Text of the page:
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soup, goulash, hunks of bread and coffee (warming and very welcome), provided by the Town Fire Service. Luckily it was in a Marquee, erected for the occasion, which sheltered us from the drenching downpours.

In the afternoon we were taken in our coaches to Neuburxdorf and we viewed the railway sidings, where all POW's had 'disembarked' from their cattletrucks, for their march to the sinister Stalag1VB in the middle of the flat fields of Saxony. I recall the ground was covered with slushy snow and the camp site looked as if [it] were in the extremities of Siberia!

After the visit we proceeded to the Neuburxdorf Cemetery to attend the annual memorial service for all POWs (Polish, French, British, etc.), who died in 1VB and were buried here. During this service, our exPOW Stalag1VB Group dedicated a plaque, which was laid in the Cemetery as a Memorial to the 60 British POWs, who were buried here and now removed to the Berlin site. The plaque was donated by the Canadian RCAF.

To complete the day's visits we travelled the short distance to the Stalag![1] VB site. We drove through what was originally the East Gate. The lagerstrasse or main road was still there, but now flanked with birch trees and undergrowth which covered the whole site. As described earlier, the Muhlberg Initative Group and associates had cleared some parts of the camp to reveal the concrete foundations of washhouses and latrines. They had marked out the areas of the various compounds and the two cookhouses. As my barracks was close to the French cookhouse, Barbara, John, Tom Nelson and I, were able to locate the area of the barracks, but due to the undergrowth we were unable to reach it. But we were able to get to the site of our 40-holer latrine, which still had (though somewhat crumbled) the concrete foundation and septic tank below. It still had four open channels in the concrete base. Over each channel there had been a long wooden rectangular box as a seat with ten holes in it, (so 40 of us could be there at one sitting!)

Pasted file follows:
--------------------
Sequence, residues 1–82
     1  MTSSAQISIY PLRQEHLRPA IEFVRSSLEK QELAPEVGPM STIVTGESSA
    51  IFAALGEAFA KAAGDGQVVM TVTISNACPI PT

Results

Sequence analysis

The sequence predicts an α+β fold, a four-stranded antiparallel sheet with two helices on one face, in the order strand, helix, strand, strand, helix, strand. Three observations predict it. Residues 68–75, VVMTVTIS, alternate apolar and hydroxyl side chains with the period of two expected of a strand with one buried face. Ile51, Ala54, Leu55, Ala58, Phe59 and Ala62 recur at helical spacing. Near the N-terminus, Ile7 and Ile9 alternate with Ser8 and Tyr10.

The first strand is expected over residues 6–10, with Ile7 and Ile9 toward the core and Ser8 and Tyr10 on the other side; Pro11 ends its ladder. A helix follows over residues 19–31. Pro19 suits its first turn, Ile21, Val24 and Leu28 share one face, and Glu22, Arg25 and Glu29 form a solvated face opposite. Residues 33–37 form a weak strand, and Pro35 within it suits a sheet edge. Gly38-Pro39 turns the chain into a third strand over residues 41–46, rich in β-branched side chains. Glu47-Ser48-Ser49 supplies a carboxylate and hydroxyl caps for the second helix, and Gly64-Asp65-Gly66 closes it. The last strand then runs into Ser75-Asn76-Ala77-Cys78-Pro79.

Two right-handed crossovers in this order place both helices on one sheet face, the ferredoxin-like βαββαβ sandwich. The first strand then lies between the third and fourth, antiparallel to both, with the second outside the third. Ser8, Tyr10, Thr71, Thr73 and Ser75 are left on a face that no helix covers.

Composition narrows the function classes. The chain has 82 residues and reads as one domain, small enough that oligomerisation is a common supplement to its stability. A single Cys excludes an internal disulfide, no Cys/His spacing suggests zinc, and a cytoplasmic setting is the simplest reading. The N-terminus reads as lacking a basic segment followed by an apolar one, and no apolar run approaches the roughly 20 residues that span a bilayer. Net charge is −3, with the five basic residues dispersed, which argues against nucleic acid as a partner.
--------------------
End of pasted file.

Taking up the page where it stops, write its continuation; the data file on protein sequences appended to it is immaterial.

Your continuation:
We were only a short distance away from the mass burial site of the victims of Special Camp No. 1, just a few yards to the north-east of us. Here, there is now a large Cross erected as a Memorial to the 6700 German detainees who died of starvation and disease (1945-48). Amongst the undergrowth, near the Cross, there were many smaller crosses put there by relatives and friends over previous years.

We joined the Muhlberg Initiative Group, again in a drenching downpour, with relatives and friends (of several nationalities), for their annual service of remembrance, at the Memorial. Then we made a further inspection of the remnants of the Camp, nearer the West Gate entrance, before returning in our coaches to Muhlberg.